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De Servi, S.; Landi, A.; Savonitto, S.; Morici, N.; De Luca, L.; Montalto, C.; Crimi, G.; De Rosa, R.; De Luca, G. Antiplatelet for Older Patients with Acute Coronary Syndromes. Encyclopedia. Available online: https://encyclopedia.pub/entry/43247 (accessed on 23 April 2024).
De Servi S, Landi A, Savonitto S, Morici N, De Luca L, Montalto C, et al. Antiplatelet for Older Patients with Acute Coronary Syndromes. Encyclopedia. Available at: https://encyclopedia.pub/entry/43247. Accessed April 23, 2024.
De Servi, Stefano, Antonio Landi, Stefano Savonitto, Nuccia Morici, Leonardo De Luca, Claudio Montalto, Gabriele Crimi, Roberta De Rosa, Giuseppe De Luca. "Antiplatelet for Older Patients with Acute Coronary Syndromes" Encyclopedia, https://encyclopedia.pub/entry/43247 (accessed April 23, 2024).
De Servi, S., Landi, A., Savonitto, S., Morici, N., De Luca, L., Montalto, C., Crimi, G., De Rosa, R., & De Luca, G. (2023, April 19). Antiplatelet for Older Patients with Acute Coronary Syndromes. In Encyclopedia. https://encyclopedia.pub/entry/43247
De Servi, Stefano, et al. "Antiplatelet for Older Patients with Acute Coronary Syndromes." Encyclopedia. Web. 19 April, 2023.
Antiplatelet for Older Patients with Acute Coronary Syndromes
Edit

Patients ≥ 75 years of age account for about one third of hospitalizations for acute coronary syndromes (ACS). Since the European Society of Cardiology guidelines recommend that older ACS patients use the same diagnostic and interventional strategies used by the younger ones, most elderly patients are currently treated invasively. Therefore, an appropriate dual antiplatelet therapy (DAPT) is indicated as part of the secondary prevention strategy to be implemented in such patients. The choice of the composition and duration of DAPT should be tailored on an individual basis, after careful assessment of the thrombotic and bleeding risk of each patient. Advanced age is a main risk factor for bleeding. Data show that in patients of high bleeding risk short DAPT (1 to 3 months) is associated with decreased bleeding complications and similar thrombotic events, as compared to standard 12-month DAPT. Clopidogrel seems the preferable P2Y12 inhibitor, due to a better safety profile than ticagrelor. When the bleeding risk is associated with a high thrombotic risk (a circumstance present in about two thirds of older ACS patients) it is important to tailor the treatment by taking into account the fact that the thrombotic risk is high during the first months after the index event and then wanes gradually over time, whereas the bleeding risk remains constant.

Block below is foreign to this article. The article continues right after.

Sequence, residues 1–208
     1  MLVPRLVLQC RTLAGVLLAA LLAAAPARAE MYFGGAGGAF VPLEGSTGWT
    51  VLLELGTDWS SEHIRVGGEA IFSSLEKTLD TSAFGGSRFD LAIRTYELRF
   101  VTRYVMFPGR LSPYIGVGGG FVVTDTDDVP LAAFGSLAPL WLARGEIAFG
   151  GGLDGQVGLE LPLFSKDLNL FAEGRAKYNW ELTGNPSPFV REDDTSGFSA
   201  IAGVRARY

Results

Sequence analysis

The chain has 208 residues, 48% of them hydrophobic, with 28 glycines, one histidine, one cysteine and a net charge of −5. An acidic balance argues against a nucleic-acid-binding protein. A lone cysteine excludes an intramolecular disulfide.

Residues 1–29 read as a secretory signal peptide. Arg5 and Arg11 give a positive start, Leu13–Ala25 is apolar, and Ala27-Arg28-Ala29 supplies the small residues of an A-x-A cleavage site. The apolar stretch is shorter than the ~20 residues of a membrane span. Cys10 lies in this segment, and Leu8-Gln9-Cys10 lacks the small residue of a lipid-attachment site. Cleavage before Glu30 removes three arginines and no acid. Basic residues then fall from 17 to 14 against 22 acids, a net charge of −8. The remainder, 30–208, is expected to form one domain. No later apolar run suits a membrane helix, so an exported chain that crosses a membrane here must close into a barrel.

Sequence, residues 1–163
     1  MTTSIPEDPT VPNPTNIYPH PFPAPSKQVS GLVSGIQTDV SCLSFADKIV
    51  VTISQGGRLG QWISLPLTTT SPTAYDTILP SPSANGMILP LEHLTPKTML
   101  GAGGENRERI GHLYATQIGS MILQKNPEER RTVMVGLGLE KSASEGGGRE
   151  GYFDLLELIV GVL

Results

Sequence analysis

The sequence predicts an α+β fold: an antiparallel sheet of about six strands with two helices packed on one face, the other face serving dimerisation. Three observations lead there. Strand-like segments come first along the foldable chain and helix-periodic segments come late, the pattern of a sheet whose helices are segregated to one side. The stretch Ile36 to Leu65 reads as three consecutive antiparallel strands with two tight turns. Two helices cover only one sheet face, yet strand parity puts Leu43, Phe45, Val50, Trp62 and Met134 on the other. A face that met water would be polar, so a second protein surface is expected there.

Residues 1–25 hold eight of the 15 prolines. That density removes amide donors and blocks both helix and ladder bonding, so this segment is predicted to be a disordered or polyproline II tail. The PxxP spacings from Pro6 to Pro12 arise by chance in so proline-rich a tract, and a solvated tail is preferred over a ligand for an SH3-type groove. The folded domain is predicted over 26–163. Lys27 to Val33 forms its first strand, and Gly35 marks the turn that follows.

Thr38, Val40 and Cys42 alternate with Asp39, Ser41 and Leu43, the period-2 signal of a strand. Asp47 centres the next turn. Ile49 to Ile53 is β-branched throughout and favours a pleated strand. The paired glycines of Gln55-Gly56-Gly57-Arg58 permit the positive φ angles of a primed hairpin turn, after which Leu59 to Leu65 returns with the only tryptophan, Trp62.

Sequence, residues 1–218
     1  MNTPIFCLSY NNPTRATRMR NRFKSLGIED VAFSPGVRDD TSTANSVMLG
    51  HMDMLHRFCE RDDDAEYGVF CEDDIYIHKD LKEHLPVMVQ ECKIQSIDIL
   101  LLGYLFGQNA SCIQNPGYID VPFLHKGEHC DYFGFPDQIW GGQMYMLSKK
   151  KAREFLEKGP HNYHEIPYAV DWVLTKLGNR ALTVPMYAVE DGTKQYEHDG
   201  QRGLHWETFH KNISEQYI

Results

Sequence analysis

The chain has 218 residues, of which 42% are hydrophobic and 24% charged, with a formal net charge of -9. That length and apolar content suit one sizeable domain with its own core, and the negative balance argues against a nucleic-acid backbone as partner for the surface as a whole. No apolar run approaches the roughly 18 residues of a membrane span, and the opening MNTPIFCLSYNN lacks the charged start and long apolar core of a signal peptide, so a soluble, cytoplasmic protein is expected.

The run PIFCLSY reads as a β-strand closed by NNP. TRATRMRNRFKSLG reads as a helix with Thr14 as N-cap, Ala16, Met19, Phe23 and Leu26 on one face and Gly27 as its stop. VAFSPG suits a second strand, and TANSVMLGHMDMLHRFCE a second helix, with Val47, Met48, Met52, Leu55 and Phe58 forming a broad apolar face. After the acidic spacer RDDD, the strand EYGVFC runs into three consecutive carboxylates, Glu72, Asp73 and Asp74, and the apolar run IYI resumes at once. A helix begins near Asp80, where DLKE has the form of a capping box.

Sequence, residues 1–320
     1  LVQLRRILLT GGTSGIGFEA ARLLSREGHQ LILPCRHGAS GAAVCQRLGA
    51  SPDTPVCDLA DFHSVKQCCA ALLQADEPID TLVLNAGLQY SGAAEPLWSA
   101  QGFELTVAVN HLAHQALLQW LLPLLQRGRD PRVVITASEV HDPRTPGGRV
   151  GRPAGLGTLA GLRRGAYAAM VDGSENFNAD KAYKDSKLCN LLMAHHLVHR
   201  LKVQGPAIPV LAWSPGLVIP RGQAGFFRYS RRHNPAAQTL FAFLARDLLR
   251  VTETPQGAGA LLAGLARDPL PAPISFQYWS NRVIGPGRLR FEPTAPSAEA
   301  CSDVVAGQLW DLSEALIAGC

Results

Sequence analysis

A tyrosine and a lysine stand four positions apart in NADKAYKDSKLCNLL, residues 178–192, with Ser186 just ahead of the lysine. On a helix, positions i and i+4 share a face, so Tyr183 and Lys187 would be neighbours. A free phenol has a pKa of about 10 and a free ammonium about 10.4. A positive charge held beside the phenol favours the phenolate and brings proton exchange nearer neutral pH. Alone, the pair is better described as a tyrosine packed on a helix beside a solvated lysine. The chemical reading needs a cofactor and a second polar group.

elderly patients acute coronary syndrome anti-platelet therapy

1. Introduction

Despite the improvements in revascularization techniques [1][2], antithrombotic therapies [3][4][5] and other measures of secondary prevention including lifestyle modifications and pharmacological treatments, coronary artery disease still represents the leading cause of mortality in developed countries [6] and several efforts have been made to identify new risk factors [7][8][9][10] in order to promote and improve primary and secondary prevention. Patients ≥ 75 years of age account for about one-third of hospitalizations of patients with acute coronary syndromes (ACS) [11]. However, these data consider only older patients admitted to Coronary Care Units or Cardiology wards and underestimate the true number of those hospitalized for ACS. In a prospective, multicentre study using principles of clinical governance [12], aiming to verify and quantify consecutive inclusion of hospitalized ACS patients, it was found that only 69.5% of patients admitted with a diagnosis of ACS were included, due to the prevalent enrolment by participating centres of patients admitted to cardiac wards. Since the greater number of ACS patients admitted to non-cardiac wards are older patients with multiple comorbidities and/or geriatric syndromes, these data show that current epidemiological data underestimate the true incidence of patients with advanced age in ACS series. Moreover, the mortality rates are greatly affected by the characteristics of the population samples included in randomized trials or in observational registries. In the elderly-ACS trial of non-ST-elevation ACS [13], the 1-year mortality rate in randomized patients was 13%, whereas it was 23% in those included in the concurrent registry and not randomized [14]. Patients enrolled in randomized trials, even in those designed for elderly patients, are the fittest ones and do not reflect the wide spectrum of clinical conditions associated with advanced age. It is likely that mortality rates are even higher than those reported in observational studies, due to the exclusion of “neglected” older patients admitted with ACS in medical wards.
Age itself does not accurately mirror the patient’s status, as other features such as comorbidities and geriatric syndromes (frailty, disability, cognitive impairment) are the factors determining patient health and outcomes [15][16][17][18]. Frailty represents a clinical condition associated with increased vulnerability to endogenous or exogenous stressors [16]. It is present in 25–50% of older adults >85 years admitted with ACS, although these figures depend on the definition applied [17]. Cognitive impairment is frequently found in frail, older patients with myocardial infarction (MI) [18], a condition frequently associated with the presence of diabetes, smoking, and the metabolic syndrome, all established risk factors for coronary artery disease and worse long-term outcomes [19][20].

2. Invasive versus Conservative Strategy